3. Visit the palace of Bavaria’s gay king

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Ludwig II was just 18 in 1864 when he became king of Bavaria. Frustrated with the limitations of being a constitutional monarch, he spent most of his short reign constructing fairy-tale palaces—Herrenchiemsee, Linderhof, and Neuschwanstein Castles—that nearly bankrupted the country.

Ludwig never married (he canceled his engagement to his cousin) and his diaries made it clear the king struggled with gay desires: He had physical relationships with his groomsman, Richard Hornig, and Hungarian actor Josef Kainz, as well as any number of handsome young men. He also had an intimate, if not definitely physical connection with legendary composer Richard Wagner, who enjoyed his generous patronage. (Wagner’s operas were sometimes staged for the king alone.)

Fed up with the king’s extravagance and “perverse” sexuality, the Bavarian parliament had Ludwig declared mentally incompetent in 1886. Weeks after he was deposed, the 40-year-old “Mad King” was found drowned together with his doctor.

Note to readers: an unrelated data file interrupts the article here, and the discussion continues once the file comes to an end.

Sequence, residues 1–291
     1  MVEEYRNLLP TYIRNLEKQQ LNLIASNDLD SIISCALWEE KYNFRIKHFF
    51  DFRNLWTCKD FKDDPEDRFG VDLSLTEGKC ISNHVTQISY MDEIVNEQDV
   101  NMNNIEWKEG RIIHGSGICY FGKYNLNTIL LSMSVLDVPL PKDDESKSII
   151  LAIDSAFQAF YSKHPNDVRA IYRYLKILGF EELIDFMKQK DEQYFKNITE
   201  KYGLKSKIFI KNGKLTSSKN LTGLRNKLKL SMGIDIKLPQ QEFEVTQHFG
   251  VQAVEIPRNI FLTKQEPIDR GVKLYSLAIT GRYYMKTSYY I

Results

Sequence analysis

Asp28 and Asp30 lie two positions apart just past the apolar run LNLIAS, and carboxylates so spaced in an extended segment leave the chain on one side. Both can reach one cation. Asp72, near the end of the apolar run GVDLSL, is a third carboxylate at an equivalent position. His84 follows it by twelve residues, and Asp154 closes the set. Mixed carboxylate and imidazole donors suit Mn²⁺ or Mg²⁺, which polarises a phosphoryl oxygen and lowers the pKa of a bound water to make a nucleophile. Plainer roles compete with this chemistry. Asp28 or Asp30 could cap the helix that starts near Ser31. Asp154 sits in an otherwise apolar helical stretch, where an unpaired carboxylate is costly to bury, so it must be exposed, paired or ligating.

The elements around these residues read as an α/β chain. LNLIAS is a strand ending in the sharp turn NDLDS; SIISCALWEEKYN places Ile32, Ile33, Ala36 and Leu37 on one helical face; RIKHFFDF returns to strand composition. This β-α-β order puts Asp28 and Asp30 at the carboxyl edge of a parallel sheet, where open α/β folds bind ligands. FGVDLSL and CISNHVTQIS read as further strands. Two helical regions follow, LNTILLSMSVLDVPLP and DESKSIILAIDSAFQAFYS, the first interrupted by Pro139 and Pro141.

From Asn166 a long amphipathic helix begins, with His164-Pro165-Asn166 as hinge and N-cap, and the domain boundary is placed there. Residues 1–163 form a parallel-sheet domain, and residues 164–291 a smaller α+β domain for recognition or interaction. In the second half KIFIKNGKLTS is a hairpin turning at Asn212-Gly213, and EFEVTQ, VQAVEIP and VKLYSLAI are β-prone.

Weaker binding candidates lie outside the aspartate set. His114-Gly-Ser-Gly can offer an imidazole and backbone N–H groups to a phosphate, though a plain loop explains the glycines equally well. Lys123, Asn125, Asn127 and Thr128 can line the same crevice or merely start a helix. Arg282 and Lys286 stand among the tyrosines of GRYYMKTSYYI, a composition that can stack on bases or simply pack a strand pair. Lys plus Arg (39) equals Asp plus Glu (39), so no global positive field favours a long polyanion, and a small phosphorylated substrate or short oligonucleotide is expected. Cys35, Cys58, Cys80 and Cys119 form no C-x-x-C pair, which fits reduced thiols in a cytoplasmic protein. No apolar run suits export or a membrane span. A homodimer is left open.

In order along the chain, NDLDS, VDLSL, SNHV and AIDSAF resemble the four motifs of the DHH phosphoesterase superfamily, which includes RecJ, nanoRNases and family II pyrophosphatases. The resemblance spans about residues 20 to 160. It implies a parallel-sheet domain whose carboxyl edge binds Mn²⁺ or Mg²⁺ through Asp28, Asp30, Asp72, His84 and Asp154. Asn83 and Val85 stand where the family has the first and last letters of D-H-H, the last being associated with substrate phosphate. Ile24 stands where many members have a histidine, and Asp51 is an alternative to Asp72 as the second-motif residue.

Neuschwanstein Castle opened to the public just weeks after his death. Located on a mountaintop about two hours outside Munichh, it attracts more than 1.7 million visitors each year. (The neo-Gothic masterpiece was the inspiration for the castle in Disney’s Sleeping Beauty.) Its walls are decorated with frescoes depicting the legends used in Wagner’s operas, including Tannhäuser, Tristan und Isolde, and Lohengrin.

4. Hang ten in the English Garden

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Smack dab in the middle of the city is this sprawling green space larger than New York’s Central Park. The Chinese tower and Greek temple are popular attractions, and when the sun comes out the Schönfeldwiese (“Beautiful Meadow”) is a popular spot for both nude sunbathing and cruising.

A small stretch of the Isar River near the Haus der Kunst art museum forms a constant three-foot wave that hunky surfers queue up to ride. It’s a unique experience, though perhaps best enjoyed as a spectator rather than a participant.

5. Gulp down some sausage at the Viktualienmarkt

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The best farmer’s market in Munich has been located in the city’s Altstad, or old quarter, for more than 200 years. Six days a week hundreds of butchers, bakers and produce vendors sell mouthwatering fare like weisswurst (white sausage), semmelknödel (boiled dumplings), schweinshaxe (roasted pork knuckle), dampfnudel (sweet rolls) and brezen (traditional Bavarian pretzels).